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National news source questions Mia Love's immigration story

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SALT LAKE CITY — An article published by a national news outlet Tuesday is challenging a central element of Mia Love's family's immigration story — a story she says led her to becoming a GOP Congressional candidate.

That article sparked a fevered day in the already contentious Mia Love-Jim Matheson race for Utah's 4th Congressional District.

At the Republican National Convention last month, Love described her upbringing to an enthusiastic crowd.

"My parents immigrated to this country with $10 in their pockets and a hope that the America they heard about really did exist," she said during the Aug. 28 speech.

Now that story is under scrutiny with a Mother Jones story with the headline "GOP Rising Star Mia Love: anchor baby?"

Love disputes the account. "They came here legally with visas and became U.S. citizens," she told KSL News.

It's an incredibly reckless statement to make. I didn't have anything to do with this. I think it's ridiculous that she's saying those things.

–Rep. Jim Matheson, D-Utah

The Mother Jones piece zeroes in on a January 2011 Deseret News column, in which she told Lee Benson, a '70s-era immigration law would grant Love's entire family citizenship if her Haitian-born parents had a baby in the United States before Jan. 1, 1976.

The column says Love was born 25 days before that and quotes Love as saying: "My parents have always told me I was a miracle and our family's ticket to America."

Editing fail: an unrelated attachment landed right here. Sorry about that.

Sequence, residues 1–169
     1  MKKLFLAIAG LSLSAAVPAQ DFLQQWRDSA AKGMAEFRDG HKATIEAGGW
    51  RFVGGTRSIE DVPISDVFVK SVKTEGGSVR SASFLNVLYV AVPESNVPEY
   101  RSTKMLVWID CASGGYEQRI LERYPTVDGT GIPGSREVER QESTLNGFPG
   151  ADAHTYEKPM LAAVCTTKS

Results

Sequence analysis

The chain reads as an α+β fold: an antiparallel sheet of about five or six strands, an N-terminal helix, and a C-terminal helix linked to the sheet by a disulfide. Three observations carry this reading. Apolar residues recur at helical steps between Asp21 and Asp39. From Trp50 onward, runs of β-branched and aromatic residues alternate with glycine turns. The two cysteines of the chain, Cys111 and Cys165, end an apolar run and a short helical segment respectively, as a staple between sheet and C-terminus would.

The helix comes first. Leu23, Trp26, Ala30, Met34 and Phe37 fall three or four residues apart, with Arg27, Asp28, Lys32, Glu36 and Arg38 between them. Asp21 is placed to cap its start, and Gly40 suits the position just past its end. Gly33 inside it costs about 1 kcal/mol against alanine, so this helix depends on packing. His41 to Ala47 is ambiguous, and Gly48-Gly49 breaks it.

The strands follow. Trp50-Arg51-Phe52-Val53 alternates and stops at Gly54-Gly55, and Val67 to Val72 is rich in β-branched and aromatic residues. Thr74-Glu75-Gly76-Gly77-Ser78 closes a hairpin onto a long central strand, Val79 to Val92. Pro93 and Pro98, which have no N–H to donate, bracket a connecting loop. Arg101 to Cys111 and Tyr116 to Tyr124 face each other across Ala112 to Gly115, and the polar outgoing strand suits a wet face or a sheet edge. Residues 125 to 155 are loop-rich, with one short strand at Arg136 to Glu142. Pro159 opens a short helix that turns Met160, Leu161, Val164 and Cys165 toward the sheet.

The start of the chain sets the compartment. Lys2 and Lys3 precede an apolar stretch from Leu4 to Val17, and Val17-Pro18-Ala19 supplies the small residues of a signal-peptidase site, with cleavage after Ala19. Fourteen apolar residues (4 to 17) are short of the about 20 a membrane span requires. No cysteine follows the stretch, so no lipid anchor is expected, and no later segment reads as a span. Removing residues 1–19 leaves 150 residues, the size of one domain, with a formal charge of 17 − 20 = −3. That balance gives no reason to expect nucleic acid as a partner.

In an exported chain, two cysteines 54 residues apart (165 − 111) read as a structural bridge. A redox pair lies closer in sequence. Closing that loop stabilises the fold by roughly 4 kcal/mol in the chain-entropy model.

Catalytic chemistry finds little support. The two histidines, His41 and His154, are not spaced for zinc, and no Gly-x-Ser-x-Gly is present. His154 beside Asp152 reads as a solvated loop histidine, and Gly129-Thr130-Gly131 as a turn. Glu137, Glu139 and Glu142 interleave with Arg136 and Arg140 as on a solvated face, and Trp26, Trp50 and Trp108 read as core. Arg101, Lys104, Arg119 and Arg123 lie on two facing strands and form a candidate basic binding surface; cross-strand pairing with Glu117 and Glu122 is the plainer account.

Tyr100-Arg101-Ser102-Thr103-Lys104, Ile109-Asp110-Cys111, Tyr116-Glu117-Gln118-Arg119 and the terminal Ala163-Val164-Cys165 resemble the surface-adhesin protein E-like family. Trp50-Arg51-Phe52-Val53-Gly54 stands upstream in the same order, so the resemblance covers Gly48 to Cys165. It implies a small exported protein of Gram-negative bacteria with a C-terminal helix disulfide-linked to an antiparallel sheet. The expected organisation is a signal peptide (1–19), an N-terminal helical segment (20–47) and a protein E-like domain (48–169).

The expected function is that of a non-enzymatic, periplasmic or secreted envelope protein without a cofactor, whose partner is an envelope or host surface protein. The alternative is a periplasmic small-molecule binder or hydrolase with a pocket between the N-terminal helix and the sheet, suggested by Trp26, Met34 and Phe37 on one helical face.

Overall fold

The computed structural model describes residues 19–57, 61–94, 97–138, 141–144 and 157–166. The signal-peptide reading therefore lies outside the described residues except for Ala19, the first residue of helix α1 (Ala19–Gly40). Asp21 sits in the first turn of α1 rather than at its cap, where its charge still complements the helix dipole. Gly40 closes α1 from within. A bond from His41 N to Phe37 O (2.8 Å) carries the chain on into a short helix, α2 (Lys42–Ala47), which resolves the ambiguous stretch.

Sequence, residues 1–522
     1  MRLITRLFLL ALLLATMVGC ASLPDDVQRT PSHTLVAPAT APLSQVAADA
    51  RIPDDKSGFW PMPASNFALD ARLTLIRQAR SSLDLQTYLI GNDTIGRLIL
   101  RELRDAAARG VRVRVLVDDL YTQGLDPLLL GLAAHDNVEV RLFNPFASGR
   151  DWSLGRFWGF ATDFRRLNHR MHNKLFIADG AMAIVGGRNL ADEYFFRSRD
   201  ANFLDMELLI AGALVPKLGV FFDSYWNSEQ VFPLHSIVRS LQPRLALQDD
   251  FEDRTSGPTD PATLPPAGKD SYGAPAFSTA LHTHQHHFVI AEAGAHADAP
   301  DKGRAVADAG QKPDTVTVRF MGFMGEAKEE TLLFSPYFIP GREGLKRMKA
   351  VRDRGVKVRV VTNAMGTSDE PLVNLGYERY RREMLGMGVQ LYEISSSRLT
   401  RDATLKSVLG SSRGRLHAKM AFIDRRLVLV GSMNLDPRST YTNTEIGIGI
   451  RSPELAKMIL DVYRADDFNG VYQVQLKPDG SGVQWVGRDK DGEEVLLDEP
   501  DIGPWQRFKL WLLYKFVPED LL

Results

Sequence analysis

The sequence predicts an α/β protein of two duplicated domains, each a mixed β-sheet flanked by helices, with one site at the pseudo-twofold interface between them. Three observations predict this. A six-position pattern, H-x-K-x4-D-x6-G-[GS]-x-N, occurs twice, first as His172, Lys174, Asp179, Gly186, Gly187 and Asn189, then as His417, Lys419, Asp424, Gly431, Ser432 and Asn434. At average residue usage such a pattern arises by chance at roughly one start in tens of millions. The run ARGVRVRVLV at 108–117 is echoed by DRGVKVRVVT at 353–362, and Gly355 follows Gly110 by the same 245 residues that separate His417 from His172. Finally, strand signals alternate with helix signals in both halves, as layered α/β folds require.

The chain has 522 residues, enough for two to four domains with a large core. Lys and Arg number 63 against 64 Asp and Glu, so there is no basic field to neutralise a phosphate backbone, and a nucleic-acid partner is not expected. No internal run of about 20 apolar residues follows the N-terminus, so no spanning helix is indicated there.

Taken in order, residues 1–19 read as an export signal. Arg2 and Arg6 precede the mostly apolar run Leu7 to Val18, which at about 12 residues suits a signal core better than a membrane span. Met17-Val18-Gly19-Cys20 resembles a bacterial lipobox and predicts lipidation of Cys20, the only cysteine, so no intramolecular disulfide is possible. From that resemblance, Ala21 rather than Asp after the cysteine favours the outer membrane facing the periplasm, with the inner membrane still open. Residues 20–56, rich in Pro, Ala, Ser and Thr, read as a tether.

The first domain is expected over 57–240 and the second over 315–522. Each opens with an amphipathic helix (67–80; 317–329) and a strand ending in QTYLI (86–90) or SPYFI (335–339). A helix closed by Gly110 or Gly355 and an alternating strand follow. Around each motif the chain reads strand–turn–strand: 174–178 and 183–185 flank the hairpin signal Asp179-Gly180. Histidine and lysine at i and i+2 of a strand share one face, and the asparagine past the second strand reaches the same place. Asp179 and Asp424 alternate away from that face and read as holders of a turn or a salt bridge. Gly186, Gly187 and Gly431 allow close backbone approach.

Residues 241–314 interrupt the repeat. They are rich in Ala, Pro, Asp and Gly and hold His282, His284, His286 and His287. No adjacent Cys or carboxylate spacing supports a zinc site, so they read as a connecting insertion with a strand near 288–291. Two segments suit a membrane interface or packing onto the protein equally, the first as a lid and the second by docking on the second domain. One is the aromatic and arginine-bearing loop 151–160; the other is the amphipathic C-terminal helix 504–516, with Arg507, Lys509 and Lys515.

Mother Jones could find no evidence of any such law.

Now she says her parents came on a tourism visa and later became citizens and did everything by the book.

"They established a life, made sure my parents had work and a home, and then brought my brother and sister over," Love said.

Tuesday morning on KSL Radio's "The Doug Wright Show," Love accused her Democratic opponent Jim Matheson of somehow being behind the report.

Deseret News:

"It is so sad that Jim Matheson and his friends would go as far as attacking my family, attacking the American Dream," Love said.

"I think it was an incredibly reckless thing to say," Matheson told KSL News. "It's completely not true, and there just shouldn't be room for that in politics."

Later, Love toned down the accusation.

"I think I pose a threat to Jim Matheson, Barack Obama and the liberal agenda; and this is one way to try and attack me," she said.

Also, Love said she's received anonymous threats, sent to her Saratoga Springs office. She's asked police to investigate.

"I've received a lot of racial material in my city office," she said, "and that's being handled by law enforcement."

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John Daley


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